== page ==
In Thierry Groensteen’s “Bande Dessine,” he illustrates the code of tressage or how meaning can be weaved through a graphic narrative non sequentially. Groensteen goes further to argue that “a narrative sequence can be overlaid by a ‘series’”. The image of the white car in Zeina Abirached’s A Game for Swallows: To die, to leave, to return confirms Groensteen’s theory of tressage, for the weaving of the image constructs a new layer of meaning in reference to the title of her book. For Abirached, this title encapsulates the “those departures, those returns, those deaths, all those movements inside the country or towards the outside, which made migrant beings of us” (Abirached 82). One could go further to say that To die , to leave, to return also signifies the process of recounting and unpacking trauma. Groensteen would readily agree with Abirached that the tressage of the car and the wheels that propel it forward is a confirmation of the title in the face of migrant dislocation and recalling trauma.
On page 71, the reader is presented with the labyrinthine image of unmoving cars, with the focus on the single white car among a sea of black. The image of the car symbolizes dislocation, a sensation present in the transitory space that the car creates. It is neither home nor away, but a liminal space that is unsettled. The pattern of the static cars creates anxiety, which confirms the idea that the path to home is not always linear or easy, similar to the way in which Abirached processes trauma. The car pattern and the agency given to the single white car are quite literally and metaphorically acting as a vehicle for dislocation and uncertainty.
The image of each car on the page is coupled with the recurring circle image as its tires- a motif that has been weaved throughout the text to bring geometric order to a narrative that is chaotic and uncertain. These circles are what should propel the car forward, but in this case, the circles visually complicate the panel even further. The circle image that occupies its own tressage confirms the cyclicality of the title To die, to leave, to return. In conjunction with the car as a representation of disjointedness, the circles/wheels are what propels the car forward. Even though the car is stopped in this panel, it can be assumed that the option of movement rests upon the cyclical structure of processing the trauma of war. The car and its wheels become the vessel for Abirached to visualize the process of recounting her trauma and her migration.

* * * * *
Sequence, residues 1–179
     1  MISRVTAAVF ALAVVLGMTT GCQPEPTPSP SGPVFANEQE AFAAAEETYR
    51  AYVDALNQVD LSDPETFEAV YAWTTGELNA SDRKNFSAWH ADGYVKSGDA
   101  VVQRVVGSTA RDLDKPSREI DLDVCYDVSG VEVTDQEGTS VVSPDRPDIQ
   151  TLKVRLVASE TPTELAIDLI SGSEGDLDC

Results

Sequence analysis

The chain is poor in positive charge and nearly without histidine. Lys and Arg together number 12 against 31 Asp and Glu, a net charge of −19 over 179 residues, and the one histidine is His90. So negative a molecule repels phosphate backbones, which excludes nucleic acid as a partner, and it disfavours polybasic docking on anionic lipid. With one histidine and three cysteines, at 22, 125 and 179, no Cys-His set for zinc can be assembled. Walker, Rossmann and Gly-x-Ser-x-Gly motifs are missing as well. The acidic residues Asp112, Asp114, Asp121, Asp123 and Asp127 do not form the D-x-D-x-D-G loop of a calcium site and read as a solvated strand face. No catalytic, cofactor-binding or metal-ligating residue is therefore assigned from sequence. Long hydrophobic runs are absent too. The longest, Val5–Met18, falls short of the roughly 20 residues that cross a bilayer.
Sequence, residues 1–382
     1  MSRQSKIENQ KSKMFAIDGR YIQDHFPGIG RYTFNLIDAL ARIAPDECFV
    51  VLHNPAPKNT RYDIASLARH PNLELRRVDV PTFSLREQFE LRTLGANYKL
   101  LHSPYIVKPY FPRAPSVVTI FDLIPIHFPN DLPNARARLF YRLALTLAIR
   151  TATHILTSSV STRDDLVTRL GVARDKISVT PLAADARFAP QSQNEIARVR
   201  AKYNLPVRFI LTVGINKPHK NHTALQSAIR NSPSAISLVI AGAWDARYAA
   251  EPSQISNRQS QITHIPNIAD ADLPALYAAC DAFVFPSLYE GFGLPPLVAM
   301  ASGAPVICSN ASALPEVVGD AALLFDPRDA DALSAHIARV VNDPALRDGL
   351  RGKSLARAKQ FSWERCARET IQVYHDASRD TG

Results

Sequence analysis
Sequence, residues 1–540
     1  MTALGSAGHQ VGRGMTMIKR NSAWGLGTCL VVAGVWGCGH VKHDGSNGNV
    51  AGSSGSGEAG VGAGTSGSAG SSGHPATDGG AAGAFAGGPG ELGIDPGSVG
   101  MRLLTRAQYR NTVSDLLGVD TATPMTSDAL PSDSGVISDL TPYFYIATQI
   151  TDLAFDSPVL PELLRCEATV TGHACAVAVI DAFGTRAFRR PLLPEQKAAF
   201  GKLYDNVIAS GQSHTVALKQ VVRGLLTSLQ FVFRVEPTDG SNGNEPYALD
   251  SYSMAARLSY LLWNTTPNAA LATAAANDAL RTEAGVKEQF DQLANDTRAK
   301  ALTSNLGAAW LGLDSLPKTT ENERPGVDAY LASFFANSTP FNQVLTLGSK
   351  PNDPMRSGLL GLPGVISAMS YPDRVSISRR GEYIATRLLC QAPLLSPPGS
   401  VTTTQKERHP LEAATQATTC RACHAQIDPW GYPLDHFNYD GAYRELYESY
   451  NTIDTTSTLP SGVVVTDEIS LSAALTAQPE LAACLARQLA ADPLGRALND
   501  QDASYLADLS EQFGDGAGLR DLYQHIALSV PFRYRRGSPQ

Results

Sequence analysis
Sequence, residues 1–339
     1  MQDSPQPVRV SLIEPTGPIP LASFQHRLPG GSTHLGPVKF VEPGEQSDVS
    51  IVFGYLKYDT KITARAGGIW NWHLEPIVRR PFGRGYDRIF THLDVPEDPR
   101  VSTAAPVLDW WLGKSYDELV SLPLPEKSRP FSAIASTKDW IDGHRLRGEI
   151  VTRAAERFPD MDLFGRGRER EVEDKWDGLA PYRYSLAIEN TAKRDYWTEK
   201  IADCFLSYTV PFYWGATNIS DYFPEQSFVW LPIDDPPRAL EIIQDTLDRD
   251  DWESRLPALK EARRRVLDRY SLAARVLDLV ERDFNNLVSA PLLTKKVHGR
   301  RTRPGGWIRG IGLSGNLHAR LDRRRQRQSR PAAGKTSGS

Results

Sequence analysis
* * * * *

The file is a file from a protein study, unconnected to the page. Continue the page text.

The panels on page 172 and 173 have a bearing on the symbolism of the title as depicted by the car tressage. As opposed to the countless unmoving cars on page 71, the single moving car is illustrated as a polyptych against the photo background of the title of the book. By juxtaposing the moving car against the background of the title, Abirached is employing exactly what the title infers: To die, to let the events occurring take place and end, to leave, to create distance from the events during the war, and to return, to process these events later on. This succession of images juxtaposes that of page 71, for even though it confirms the idea of dislocation and trauma, there is less urgency and the movement seems more natural. The image of the car returns once more on the last page, and this is the first time the children are also inside. Their gaze is behind even though the car is being propelled forward- a metaphor for the trauma that the young Abirached in the car will have to process later on. The reader can assume that the car is moving here; however, the direction of movement is unclear- leaving or returning? This highlights the unknown and the car as a transitory space between home and away.
Ultimately, the stoicism of the cars on page 71 in unification with the other images of the car to create this tressage confirms the dislocation of Abirached and the process it took her to recall her memories and write this memoir. Her life has been one of upheaval and movement in the face of war. The car has made this possible, for her to let her memories die, to leave them, and to return again.